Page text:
between "not seeing" and "faintly seeing" some objects.

If you really want more light-gathering, look into the LXD75 family.
They are not as "portable" as the ETX125, but they can gather much
-more- light for the price.

have fun

Subject:	etx125 galaxy/nebula usefulness
Sent:	Monday, January 24, 2005 11:58:39
From:	thomas robison (
first, i am a newcomer to astronomy.  second, your website has been
extremely helpful in all aspects of learning.  thank you and everyone
else for sharing years of experience on your site.

my question is this, why would the etx125 not be considered a useful
galaxy/nebula observing platform/telescope?  i saw this mentioned in a
telescope etail store description and thought i had seen many photos of
galaxies and nebulae made with the etx125.

thanks in advance,

tom robison
seattle, wa
Mike here: Certainly the ETX-125 (and even the smaller ones) can be used to view galaxies and nebulae. From a dark site you can see some details and shapes. But for serious visual work you need a larger aperture and perhaps even a shorter focal length. But, as you noted, you can, with patience and experience, do some amazing astrophotography with the right equipment.
Subject:	difference between ETX-125 and ETX-90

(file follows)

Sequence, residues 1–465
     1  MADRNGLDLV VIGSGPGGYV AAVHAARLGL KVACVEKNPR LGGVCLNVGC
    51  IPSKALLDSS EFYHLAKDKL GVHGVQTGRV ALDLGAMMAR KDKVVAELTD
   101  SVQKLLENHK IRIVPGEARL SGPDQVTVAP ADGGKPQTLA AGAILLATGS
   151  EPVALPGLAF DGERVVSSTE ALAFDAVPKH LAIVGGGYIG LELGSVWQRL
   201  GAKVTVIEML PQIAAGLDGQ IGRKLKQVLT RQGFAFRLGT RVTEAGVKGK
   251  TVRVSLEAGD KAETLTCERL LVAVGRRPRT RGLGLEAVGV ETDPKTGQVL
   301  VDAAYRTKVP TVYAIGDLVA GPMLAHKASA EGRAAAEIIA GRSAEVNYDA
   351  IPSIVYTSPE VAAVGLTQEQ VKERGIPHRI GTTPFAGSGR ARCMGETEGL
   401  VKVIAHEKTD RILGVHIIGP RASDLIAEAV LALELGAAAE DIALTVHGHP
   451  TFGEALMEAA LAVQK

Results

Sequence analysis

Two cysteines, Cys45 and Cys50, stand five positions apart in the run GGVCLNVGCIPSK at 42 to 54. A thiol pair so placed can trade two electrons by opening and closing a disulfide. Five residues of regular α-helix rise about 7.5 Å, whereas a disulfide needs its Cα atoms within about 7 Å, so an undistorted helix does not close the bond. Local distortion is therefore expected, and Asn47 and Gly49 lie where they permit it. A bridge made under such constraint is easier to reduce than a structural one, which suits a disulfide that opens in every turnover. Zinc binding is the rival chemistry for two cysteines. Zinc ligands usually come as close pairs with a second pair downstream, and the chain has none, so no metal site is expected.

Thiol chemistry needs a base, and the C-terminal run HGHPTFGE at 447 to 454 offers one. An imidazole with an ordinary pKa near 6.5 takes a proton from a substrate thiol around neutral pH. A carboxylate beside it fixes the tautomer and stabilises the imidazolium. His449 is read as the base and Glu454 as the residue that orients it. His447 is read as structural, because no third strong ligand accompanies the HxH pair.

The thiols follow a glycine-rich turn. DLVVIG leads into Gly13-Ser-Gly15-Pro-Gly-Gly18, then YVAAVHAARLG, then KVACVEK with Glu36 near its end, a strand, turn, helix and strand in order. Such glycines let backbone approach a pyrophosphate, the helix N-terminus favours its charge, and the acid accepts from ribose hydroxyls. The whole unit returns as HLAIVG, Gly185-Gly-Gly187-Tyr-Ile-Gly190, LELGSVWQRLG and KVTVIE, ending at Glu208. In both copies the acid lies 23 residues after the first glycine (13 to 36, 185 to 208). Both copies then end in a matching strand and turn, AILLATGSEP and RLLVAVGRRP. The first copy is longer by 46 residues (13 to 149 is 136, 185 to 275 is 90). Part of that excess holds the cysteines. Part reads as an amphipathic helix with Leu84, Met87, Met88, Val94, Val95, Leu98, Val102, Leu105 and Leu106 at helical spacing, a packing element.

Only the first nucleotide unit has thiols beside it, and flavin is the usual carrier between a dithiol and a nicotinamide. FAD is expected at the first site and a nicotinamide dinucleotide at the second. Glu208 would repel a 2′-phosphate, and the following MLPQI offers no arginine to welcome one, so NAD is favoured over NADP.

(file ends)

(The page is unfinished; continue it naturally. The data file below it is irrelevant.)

Sent:	Saturday, January 22, 2005 12:51:07
From:	oren gotlib (
I don't know how long its been since the ETX-125 has come out nor how
long ive hed my ETX-90 but i know that i saw it in the store when i went
to buy the 90. After about 2 to 3 years I got more in tune with
telescope technology wet many emails for you i have read online are
still a little hard for me to understand.

A couple days ago i decided that  maby i should get an ETX model 125 due
to the fact that the wider the aperture the more light or color the
telescope gathers. I have been on the good side of the ETX-125 and
wanted to go ahead sell my ETX-90 for one. Then i got a little confused
after doing some research. The 90 is only about 1.5 inches wider in
aperture, which to me that doesn't seem like much. Then i read some of
your emails. Some talked about better, smoother otors in the 125  but
truely i just want to know if i will see more colors, clearer pictures,
or even wider eye sight.

If you could go ahead and give me some advanteges and disadvantages
about the ETX-90 vs. ETX-125 i would really appretiate it, especially
knowing im only 15 and the extra $400 dollars is a bit high.
Mike here: The ETX-125 came out in mid-1999. The aperture increase is noticeable, and if you add the UHTC coatings you effectively gain about another inch aperture in the amount of light that reaches your eye. But depending upon the objects you view and the conditions you view them under you may or may not be able to take advantage of that increase. But under good conditions you will see more details and more colors; just don't expect a dramatic increase like you would see if you went with an 8" or larger telescope. Feel free to read the Helpful Information: User Observations; there are many excellent reports there.